Public areas of airports seen as most vulnerable

2017-01-08 21:00
A traveller, Dan Kovacs, sorts out his luggage at the Fort Lauderdale airport. (Kelli Kennedy, AP)

A traveller, Dan Kovacs, sorts out his luggage at the Fort Lauderdale airport. (Kelli Kennedy, AP)

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Atlanta - In a post-9/11 world, American airports have taken all sorts of steps to keep travellers safe. But significant vulnerabilities remain.

The attack that killed five people at the Fort Lauderdale airport on Friday raised concerns about how to further protect travellers and what place firearms have in US airports.

Authorities say Iraq war veteran Esteban Santiago flew to Fort Lauderdale from Alaska, retrieved a handgun from his checked luggage, went to a bathroom to load it and then returned to the baggage claim area to open fire.

Baggage claim

"There's no question we need to review not only the question of whether people should be able to travel with their firearms even if they're in checked baggage, but I think we need to take a hard look at the security around baggage claim areas and not just leave it at that," said US Rep Debbie Wasserman-Schultz, whose district includes the airport.

Transportation security and law enforcement experts say the baggage claim area remains one of the most vulnerable parts of the airport. Security is lighter and large numbers of people quickly move in and out.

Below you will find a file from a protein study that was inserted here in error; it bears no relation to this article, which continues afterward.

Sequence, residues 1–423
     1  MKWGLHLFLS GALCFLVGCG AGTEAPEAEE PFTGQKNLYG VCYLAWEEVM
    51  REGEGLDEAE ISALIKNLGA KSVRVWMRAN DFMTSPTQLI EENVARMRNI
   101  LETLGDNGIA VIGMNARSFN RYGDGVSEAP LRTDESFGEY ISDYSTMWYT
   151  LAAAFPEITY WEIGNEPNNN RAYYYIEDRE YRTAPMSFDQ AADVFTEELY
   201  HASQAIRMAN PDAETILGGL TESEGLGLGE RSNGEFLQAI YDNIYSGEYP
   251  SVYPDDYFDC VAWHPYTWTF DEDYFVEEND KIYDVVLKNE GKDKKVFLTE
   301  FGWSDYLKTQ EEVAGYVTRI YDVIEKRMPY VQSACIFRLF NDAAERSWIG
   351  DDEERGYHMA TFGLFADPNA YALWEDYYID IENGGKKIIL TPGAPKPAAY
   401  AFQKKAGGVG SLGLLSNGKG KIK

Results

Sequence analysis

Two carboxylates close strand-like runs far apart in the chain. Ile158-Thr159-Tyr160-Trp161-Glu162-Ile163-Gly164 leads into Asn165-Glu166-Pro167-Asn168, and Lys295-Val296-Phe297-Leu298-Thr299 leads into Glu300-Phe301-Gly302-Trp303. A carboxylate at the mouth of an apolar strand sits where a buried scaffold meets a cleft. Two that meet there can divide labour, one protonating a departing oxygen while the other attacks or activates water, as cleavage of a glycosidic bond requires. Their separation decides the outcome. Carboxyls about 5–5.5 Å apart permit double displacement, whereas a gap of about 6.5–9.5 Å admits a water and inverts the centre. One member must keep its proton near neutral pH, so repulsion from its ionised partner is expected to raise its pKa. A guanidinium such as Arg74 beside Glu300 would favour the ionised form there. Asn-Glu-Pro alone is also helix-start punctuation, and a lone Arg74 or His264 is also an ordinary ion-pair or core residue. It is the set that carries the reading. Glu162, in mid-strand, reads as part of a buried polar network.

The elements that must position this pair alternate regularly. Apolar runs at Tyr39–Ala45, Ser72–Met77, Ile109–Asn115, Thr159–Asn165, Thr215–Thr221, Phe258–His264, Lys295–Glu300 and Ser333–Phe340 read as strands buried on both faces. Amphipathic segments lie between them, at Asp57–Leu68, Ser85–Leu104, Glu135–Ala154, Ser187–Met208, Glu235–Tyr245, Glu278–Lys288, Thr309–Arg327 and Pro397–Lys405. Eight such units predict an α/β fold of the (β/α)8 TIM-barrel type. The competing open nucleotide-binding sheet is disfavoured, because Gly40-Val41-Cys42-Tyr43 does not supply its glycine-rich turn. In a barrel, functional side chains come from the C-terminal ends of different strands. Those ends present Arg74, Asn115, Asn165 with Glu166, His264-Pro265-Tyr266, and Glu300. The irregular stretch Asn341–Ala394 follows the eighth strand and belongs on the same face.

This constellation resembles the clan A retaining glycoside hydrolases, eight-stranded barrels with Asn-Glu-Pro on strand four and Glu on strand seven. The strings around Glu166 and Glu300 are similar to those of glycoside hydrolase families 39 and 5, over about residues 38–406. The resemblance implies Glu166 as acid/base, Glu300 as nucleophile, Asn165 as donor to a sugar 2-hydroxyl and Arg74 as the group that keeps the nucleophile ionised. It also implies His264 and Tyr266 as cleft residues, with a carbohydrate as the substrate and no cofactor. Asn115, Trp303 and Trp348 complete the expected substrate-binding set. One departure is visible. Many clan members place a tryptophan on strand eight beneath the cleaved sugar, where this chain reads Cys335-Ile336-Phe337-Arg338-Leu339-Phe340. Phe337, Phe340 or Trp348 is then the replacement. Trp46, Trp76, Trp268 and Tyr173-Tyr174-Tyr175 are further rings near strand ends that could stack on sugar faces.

Chris Grollnek, a former law enforcement officer who specialises in security issues, especially involving active shooter situations, said: "What went wrong on Friday is that baggage claim is the softest of soft targets. I mean an elementary school is harder to get into than a baggage claim at an airport."

Indeed, he notes, it's more difficult to get out of the baggage claim area where at least a minimal security presence screens people leaving to make sure they haven't taken someone else's luggage than it is to enter the area.

After virtually every terror attack or attempted attack, authorities have issued new restrictions: requiring passengers to remove their shoes to expose any explosive material and limiting the amount of liquid in carry-on bags. But experts say the public areas of an airport remain vulnerable, because the focus of security is devoted to screening passengers to keep their flights safe.

Just in the past year suicide bombers targeted ticket and terminal areas in Brussels and Istanbul, Turkey.

Government meetings

The only way to prevent such attacks, Grollnek and other experts said, is to ensure the wrong people don't get guns and to encourage the general public to alert authorities if they believe a friend or family member is acting erratically. He likened it to farmers who were enlisted in the Civil Air Patrol to spot potential illegal activity while they were in the air in crop dusters.

Florida is one of six states that restrict firearms at the airport, declaring it a "gun-free" zone, along with schools and government meetings.

Before the shooting, state legislators sought to relax those restrictions, arguing they prevent people from protecting themselves from attack. Opponents of those efforts, said having guns there would make them more dangerous.

Gun-free zones at airports still allow travellers to bring their firearms to the airport to be checked and then retrieve it once they land.


Read more on:    us  |  aviation  |  security

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